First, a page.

https://webmasters.googleblog.com/2011/05/do-404s-hurt-my-site.html [webmasters.googleblog.com]
Q: Most of my 404s are for bizarro URLs that never existed on my site. What’s up with that? Where did they come from?
A: If Google finds a link somewhere on the web that points to a URL on your domain, it may try to crawl that link, whether any content actually exists there or not; and when it does, your server should return a 404 if there’s nothing there to find. These links could be caused by someone making a typo when linking to you, some type of misconfiguration (if the links are automatically generated, e.g. by a CMS), or by Google’s increased efforts to recognize and crawl links embedded in JavaScript or other embedded content; or they may be part of a quick check from our side to see how your server handles unknown URLs, to name just a few. If you see 404s reported in Webmaster Tools for URLs that don’t exist on your site, you can safely ignore them. We don’t know which URLs are important to you vs. which are supposed to 404, so we show you all the 404s we found on your site and let you decide which, if any, require your attention.
3:15 am on Apr 8, 2017 (gmt 0)

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Thanks phranque.

My point was, I ignore the GSC 404 report for the most part. I still look at every 404, but my attitude is - if the file does not exist, then Googlebot got the correct server response.

GSC presents that report as errors on *our* part and that we need to fix them ("mark these errors as fixed".) However most of the time this is not true. The source of the error is usually remote and has nothing to do with our properties. Roughly 95% of 404s in my GSC reports are user typos & malformed backlinks.

Occasionally (and this might be the case here) Googlebot misreads some dynamic parameter our systems are using. In this case it is prudent to investigate & if possible find a work-around that Googlebot can live with. Sometimes the GSC URL Parameters tool can be useful.
5:38 am on Apr 8, 2017 (gmt 0)

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I think your fingers just typed “soft 404” in place of “404” alone, because the phrase comes up so often.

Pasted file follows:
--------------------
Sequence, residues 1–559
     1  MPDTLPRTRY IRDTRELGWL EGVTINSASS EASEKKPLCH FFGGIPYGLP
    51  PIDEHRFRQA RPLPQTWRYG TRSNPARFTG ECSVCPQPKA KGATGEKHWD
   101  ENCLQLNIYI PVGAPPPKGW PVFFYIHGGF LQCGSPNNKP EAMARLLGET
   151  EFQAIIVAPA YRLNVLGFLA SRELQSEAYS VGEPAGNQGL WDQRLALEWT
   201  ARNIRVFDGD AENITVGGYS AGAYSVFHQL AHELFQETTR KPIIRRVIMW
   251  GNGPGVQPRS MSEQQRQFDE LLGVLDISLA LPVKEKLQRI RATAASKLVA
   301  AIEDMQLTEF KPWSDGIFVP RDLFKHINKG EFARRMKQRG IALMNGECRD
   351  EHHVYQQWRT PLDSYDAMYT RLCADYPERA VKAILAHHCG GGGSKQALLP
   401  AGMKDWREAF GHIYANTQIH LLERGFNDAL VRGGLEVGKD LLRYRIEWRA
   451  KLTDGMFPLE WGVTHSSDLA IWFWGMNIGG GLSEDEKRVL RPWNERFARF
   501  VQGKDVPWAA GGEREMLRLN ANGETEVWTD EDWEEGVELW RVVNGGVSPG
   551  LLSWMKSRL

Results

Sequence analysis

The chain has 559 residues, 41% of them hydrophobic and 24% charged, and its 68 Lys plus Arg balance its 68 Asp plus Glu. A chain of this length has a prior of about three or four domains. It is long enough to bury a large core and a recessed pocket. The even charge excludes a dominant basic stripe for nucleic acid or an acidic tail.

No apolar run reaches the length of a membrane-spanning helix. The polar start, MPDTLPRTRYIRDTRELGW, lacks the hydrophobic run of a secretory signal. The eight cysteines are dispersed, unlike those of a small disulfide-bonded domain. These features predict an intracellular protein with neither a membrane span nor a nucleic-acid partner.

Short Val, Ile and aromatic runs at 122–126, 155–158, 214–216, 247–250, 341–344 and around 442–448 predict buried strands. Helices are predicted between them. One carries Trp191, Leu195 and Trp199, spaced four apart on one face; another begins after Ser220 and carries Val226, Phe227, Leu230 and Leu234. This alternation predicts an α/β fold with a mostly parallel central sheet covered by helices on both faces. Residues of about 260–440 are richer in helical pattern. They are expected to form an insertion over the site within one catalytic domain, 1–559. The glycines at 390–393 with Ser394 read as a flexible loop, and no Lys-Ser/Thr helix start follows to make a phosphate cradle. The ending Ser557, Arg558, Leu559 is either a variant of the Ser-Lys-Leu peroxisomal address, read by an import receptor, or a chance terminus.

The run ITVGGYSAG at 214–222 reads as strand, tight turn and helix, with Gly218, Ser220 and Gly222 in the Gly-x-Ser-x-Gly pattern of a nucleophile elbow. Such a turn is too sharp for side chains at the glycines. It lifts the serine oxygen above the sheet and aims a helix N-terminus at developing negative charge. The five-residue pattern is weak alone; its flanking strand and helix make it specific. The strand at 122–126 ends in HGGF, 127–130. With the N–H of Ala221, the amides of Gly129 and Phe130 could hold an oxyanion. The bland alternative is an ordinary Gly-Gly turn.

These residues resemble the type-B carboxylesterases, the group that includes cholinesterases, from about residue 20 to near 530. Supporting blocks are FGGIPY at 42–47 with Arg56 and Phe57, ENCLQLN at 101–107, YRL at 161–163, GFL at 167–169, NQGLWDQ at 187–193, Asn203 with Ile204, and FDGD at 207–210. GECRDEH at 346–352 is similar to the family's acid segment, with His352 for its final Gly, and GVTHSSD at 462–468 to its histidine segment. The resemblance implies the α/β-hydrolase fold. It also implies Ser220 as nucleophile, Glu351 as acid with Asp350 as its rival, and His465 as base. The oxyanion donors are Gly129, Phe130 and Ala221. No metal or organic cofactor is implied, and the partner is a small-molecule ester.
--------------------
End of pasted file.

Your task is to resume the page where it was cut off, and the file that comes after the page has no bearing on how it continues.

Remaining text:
5:49 am on Apr 8, 2017 (gmt 0)

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Likely supposition
1:40 pm on Apr 24, 2017 (gmt 0)

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I just wanted to give an update here as I found a solution to my problem.

At the same time as posting the question here, I posted a similar question in the Google Webmaster Help Forum. There I was given some advice that seems to have worked.

The fundamental issue was that there was no way to access any of the content without passing through the form. And, Googlebot can crawl a form, but generally it doesn't unless I guess you through a bunch of links at the content behind the form first.

So at first I assumed that providing a sitemap would be sufficient to get Google to crawl the content. At least with the sitemap Googlebot could find the pages. But again nothing.

So it was suggested that I add internal links to some of the content. At first this seemed a little counter intuitive (at least to me!) as this would amount to create content specifically and only for Googlebot. The site consists of two calculator tools where users enter a series of inputs and a result is returned. So to create links to random results pages seemed at first not create much value. But with a bit of creative thinking I decided to publish some of the data in a tabular format, so users could see the results for a series of inputs all on a single page. Then each result in the table, which is just a number, is shown as a link to the specific results page. The result page provides a lot more content than just a number. As such the user gets an overview, and an understanding of the goal of calculator and can access the result directly from the table (as can Googlebot).

From the home page, I linked to these pages. There are two, one per calculator. I submitted the pages to the index and bingo! Those pages are indexed, and they show up in a site: search. And most important, the target keywords are now appearing the search analytics reports. I have got a long way to go before they generate any traffic but that is a whole other issue.